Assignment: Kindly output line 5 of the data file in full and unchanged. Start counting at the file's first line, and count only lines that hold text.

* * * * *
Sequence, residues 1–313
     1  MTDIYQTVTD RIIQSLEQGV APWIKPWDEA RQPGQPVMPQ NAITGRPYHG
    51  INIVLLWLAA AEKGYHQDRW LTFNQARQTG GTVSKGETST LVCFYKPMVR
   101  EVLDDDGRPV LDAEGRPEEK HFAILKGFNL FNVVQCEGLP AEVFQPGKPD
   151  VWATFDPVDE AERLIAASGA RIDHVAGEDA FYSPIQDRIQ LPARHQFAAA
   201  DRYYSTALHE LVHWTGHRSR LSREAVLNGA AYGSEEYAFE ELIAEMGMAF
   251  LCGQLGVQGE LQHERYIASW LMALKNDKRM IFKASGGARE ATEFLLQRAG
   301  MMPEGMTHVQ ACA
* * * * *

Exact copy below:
   151  VWATFDPVDE AERLIAASGA RIDHVAGEDA FYSPIQDRIQ LPARHQFAAA